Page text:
Go to the Globe and Mail homepage

Jump to main navigationJump to main content

Francoise Turner-Larcade's dining room in Toronto on May 9, 2013. (Deborah Baic/The Globe and Mail)
Francoise Turner-Larcade's dining room in Toronto on May 9, 2013. (Deborah Baic/The Globe and Mail)

Why the dining room is Françoise Turner-Larcade’s little jewel Add to ...

Paris-born interior designer Françoise Turner-Larcade, who owns and operates Roseland Art & Decoration in her adopted city of Toronto, imports European design pieces such as limited-edition sculpted doors and artworks, which she has used to decorate the brick Annex-area house in which she has lived for the past year and a half.

More Related to this Story

“I converted four units into a single-family home,” says the designer, who moved to Toronto in 2000 to be with her then-husband, a Canadian. “All I kept were the exterior walls and the original entrance door.”

Among the rooms she gutted and built up again is the dining room, which, measuring only 10 feet by 12 feet, is her home’s little jewel.

“It is the place where I share relaxing, interesting and tasty moments,” Turner-Larcade says. “A place where ideas, laughs and emotions are exchanged.”

The light fixture

“It is a Last Night chandelier by Damien Langlois-Meurinne, a French architect-designer from Paris whose work I carry. Made of lacquered metal, the chandelier can be ordered in any colour. Each is made piece-by-piece in a limited edition. I like the whimsical design, which is very well-balanced.”

The painting

“This is by Albert Bitran, who is part of the lyrical abstraction movement. In my 20s, when I was the PR rep of a gallery and Bitran was one of the first artists I had to work with, I immediately fell in love with his perfect balance of space. It is peaceful even though it uses a dynamic palette and has meaningful shapes.”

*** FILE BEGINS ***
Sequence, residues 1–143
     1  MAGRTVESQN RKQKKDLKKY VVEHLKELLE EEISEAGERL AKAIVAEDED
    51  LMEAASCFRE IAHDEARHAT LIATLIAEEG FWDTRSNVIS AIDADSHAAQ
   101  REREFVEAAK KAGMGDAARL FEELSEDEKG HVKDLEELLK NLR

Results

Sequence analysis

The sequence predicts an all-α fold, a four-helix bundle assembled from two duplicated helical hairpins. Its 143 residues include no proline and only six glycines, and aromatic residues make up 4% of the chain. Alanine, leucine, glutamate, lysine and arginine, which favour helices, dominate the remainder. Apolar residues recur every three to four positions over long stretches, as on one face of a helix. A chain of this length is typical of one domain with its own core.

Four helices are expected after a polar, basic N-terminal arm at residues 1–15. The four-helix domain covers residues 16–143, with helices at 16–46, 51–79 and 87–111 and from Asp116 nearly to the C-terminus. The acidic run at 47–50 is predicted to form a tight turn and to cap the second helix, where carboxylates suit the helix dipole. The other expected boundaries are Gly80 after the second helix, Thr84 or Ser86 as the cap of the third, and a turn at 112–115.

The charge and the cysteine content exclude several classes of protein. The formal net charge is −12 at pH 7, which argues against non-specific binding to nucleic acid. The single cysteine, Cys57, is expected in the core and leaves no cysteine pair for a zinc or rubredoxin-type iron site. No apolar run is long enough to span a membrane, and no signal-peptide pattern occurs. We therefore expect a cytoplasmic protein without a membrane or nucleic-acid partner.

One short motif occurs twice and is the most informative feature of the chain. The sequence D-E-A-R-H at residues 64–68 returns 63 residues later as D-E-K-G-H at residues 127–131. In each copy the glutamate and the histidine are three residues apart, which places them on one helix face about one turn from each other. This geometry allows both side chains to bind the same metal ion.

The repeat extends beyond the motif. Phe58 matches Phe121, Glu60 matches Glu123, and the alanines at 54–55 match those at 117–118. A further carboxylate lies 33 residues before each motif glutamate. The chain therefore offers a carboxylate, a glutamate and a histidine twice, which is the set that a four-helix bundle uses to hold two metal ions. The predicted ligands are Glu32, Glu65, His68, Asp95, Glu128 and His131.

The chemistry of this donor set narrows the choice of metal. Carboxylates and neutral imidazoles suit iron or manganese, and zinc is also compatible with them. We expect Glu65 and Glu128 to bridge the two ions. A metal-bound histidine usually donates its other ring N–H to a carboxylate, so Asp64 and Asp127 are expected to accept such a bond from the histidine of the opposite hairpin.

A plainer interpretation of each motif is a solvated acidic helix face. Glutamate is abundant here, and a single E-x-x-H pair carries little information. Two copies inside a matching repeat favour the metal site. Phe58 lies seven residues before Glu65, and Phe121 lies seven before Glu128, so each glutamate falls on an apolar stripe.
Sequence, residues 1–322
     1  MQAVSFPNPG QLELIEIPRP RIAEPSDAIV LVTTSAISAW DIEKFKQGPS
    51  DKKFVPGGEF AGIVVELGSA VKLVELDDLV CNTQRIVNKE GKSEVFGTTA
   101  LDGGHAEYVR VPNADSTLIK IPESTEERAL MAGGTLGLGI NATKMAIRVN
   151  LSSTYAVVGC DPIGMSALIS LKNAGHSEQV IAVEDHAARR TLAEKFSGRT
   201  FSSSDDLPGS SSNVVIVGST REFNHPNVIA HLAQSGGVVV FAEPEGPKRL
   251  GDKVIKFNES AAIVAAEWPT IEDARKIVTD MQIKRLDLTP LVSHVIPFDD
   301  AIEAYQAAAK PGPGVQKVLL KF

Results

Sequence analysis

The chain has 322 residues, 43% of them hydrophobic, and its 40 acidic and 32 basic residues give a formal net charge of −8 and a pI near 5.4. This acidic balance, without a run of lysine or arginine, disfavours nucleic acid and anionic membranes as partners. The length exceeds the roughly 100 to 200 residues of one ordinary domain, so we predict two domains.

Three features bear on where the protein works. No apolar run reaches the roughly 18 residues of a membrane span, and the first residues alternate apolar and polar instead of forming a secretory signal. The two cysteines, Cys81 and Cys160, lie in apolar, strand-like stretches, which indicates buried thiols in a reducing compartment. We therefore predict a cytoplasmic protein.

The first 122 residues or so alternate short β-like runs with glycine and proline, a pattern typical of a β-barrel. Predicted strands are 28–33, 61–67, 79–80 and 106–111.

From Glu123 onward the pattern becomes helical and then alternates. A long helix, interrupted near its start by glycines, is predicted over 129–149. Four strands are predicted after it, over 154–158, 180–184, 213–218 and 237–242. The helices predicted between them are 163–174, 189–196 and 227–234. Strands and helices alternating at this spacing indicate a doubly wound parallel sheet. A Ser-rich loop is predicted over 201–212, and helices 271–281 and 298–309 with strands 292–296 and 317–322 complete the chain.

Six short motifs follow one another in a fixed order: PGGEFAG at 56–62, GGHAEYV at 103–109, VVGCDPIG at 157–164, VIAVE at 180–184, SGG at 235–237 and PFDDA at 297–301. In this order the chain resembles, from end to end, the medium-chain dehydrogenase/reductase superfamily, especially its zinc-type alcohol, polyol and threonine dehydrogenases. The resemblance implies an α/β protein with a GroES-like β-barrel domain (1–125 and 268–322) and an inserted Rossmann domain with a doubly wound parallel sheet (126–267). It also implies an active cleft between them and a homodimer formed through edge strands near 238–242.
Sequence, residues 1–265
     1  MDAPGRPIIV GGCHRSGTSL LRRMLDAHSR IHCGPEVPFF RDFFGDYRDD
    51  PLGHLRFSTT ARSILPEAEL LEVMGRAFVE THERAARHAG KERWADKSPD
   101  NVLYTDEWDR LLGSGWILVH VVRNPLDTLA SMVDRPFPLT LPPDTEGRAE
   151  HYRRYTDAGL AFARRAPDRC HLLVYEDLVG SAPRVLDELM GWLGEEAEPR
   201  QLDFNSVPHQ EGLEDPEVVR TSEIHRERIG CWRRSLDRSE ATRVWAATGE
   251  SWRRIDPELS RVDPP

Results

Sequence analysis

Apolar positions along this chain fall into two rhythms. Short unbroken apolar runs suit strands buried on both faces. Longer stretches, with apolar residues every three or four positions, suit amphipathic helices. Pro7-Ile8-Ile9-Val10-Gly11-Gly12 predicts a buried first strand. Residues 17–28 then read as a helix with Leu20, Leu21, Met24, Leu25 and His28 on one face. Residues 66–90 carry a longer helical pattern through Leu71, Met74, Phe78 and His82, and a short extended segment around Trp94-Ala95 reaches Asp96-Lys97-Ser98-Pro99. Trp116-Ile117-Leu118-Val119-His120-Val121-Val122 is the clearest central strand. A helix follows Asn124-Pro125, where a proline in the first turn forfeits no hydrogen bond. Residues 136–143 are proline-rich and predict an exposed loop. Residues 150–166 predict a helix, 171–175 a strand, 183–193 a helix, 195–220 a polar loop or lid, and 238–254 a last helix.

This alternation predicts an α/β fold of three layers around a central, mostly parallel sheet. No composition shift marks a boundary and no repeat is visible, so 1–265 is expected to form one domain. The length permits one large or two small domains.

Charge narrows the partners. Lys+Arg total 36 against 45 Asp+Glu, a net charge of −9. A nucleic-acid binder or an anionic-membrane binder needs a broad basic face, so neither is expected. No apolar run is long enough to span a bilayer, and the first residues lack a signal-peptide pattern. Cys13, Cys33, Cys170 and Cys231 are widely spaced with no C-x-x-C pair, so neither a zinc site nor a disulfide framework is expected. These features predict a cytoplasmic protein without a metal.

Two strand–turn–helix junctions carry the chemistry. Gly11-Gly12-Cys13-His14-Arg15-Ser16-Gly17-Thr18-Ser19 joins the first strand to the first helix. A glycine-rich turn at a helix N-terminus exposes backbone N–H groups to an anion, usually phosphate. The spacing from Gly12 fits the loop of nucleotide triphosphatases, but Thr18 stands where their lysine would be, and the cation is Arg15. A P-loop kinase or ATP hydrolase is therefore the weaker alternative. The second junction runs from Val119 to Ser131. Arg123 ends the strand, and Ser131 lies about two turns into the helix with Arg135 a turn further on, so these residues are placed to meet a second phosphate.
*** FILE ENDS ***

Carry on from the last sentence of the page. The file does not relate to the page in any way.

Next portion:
The chairs

“The chairs date from the late 1980s. They’re Italian, I think. I brought them with me from France when I moved here. I had them reupholstered in Toronto.”

The table

“The marble mosaic tabletop comes from a church in Naples. It is 18th century. It’s the first antique I ever bought. I was in my early 20s and I immediately fell in love with it. I love the colours. The table is a little too small, as only eight people can comfortably sit around it, but it works very well when used to feed people buffet-style. The custom-made legs are cast iron.”

The room divider

“This is an installation made of steel and grey mirrors on both sides. I designed it myself. I was playing with the depth of the mirrors and some empty frames in order to divide up the space while maintaining a sense of scale. Whenever I create with mirrors, they are custom-made for the space. I love to play with volume using the reflection and mystery of mirrors. I often make colour mirrors: orange, yellow and blue. But these ones are grey because the table and the other objects in the room are colourful enough.”

 

In the know

Most popular video »

Highlights

More from The Globe and Mail

Most Popular Stories